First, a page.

Establishing Sisterhood:

A Budding Poet’s Responsibility in Sandra Cisneros’s The House on Mango Street


  • Rajia Sultana Lecturer, Center for Language Studies, University of Liberal Arts Bangladesh, Dhaka



This paper attempts to study Esperenza, the Chicana protagonist of Sandra Cisneros’s novel The House on Mango Street, who desires to establish her identity as a woman and a poet to represent the marginalized women of her community. She believes that she needs to come out of the role imposed on her by society to establish herself as a writer and to proclaim her true female identity. Esperanza searches for self-respect. In doing so, she discovers the reasons behind women’s confinement and the sources of patriarchy’s hold over women. She understands that social conditioning plays a vital role in holding women back. In her quest for identity as a Mexican American, she also tries to create a space in literary tradition as she feels a strong desire to speak out for those women of her community who cannot come out of their social imprisonment. She realizes that she must do something for them and finds that writing their untold stories could be a way of paying tribute to them. She has intensely observed their pain, suppression, and unfulfilled desires. So she takes the initiative to break the barriers of patriarchal control to ensure women’s rights in her society. Thus she feels the necessity of establishing a sisterhood to break the patriarchal web and to give due credit to women’s contributions to society, which would allow her and her fellow women to come out of internment and find the route to freedom.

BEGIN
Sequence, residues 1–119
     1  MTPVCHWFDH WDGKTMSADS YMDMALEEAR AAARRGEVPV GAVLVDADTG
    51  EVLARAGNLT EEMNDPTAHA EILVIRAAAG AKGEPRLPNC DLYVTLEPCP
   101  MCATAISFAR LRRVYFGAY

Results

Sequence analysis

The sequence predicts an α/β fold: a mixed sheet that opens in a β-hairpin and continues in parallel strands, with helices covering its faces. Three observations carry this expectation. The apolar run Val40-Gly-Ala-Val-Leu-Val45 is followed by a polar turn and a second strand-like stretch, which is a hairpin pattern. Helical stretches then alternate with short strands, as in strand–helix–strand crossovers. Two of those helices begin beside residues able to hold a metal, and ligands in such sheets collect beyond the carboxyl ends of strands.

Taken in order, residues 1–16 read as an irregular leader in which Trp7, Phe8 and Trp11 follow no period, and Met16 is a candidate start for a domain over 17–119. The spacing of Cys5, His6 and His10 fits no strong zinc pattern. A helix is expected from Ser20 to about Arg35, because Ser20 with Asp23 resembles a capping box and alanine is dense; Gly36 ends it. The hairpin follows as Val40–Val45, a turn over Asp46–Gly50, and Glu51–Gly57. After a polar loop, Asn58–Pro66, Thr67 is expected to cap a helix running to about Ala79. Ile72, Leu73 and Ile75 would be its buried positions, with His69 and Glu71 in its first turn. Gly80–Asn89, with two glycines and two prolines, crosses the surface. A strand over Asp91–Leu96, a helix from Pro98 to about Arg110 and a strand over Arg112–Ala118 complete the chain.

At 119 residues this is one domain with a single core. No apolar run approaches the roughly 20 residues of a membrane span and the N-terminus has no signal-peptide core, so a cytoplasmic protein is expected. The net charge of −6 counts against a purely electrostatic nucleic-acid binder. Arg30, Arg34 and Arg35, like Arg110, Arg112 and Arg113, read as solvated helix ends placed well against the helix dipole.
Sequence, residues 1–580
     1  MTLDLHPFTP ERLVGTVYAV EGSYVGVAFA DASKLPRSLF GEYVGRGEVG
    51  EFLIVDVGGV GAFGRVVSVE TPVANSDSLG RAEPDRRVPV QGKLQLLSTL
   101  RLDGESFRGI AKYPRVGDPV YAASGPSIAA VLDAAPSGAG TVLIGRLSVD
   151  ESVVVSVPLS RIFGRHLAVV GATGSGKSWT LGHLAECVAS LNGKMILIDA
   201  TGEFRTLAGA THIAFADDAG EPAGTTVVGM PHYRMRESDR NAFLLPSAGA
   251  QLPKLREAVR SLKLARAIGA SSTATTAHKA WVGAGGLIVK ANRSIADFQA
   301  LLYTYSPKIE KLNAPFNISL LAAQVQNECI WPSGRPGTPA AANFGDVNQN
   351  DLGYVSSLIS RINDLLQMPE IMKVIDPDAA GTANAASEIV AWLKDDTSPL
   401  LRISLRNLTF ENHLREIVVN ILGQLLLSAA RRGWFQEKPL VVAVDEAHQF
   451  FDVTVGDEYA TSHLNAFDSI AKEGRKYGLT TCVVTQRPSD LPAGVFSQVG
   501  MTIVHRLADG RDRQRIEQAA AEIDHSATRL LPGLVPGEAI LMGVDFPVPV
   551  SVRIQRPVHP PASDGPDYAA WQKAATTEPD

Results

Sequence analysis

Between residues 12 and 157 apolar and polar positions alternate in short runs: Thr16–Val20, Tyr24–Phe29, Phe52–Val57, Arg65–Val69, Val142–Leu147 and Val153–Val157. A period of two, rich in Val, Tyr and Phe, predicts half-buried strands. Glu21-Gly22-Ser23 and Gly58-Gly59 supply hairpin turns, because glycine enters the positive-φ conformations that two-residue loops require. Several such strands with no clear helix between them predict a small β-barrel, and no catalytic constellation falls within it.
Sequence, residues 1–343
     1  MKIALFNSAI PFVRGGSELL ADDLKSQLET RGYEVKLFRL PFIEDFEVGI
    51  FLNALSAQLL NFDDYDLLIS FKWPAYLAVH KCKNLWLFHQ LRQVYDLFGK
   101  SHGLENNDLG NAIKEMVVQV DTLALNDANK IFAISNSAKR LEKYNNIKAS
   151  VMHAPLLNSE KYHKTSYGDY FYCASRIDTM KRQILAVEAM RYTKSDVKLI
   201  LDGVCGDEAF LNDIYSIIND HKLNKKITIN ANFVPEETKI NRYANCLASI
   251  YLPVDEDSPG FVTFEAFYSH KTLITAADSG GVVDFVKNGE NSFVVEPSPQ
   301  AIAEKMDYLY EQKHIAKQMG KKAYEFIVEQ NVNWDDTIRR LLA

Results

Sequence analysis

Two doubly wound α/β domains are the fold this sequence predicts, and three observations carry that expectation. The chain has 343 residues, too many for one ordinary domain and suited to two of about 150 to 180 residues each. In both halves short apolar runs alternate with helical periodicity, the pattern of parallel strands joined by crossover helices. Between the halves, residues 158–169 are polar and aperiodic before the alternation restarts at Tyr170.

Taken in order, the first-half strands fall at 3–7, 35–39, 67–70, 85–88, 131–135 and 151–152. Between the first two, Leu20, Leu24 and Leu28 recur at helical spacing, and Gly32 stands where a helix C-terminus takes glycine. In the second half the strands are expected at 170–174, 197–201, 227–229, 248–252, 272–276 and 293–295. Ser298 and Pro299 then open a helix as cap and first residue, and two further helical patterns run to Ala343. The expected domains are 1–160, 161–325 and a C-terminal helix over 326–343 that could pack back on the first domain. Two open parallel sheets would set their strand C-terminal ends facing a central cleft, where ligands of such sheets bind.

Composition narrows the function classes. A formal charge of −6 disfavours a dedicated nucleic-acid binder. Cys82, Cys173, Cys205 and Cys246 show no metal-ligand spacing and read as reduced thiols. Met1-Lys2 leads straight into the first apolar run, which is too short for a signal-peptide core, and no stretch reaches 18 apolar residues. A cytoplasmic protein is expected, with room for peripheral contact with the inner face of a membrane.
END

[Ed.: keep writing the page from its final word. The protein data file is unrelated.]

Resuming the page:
How to Cite

Sultana, R. . (2017). Establishing Sisterhood:: A Budding Poet’s Responsibility in Sandra Cisneros’s The House on Mango Street. Crossings: A Journal of English Studies, 8, 189–195.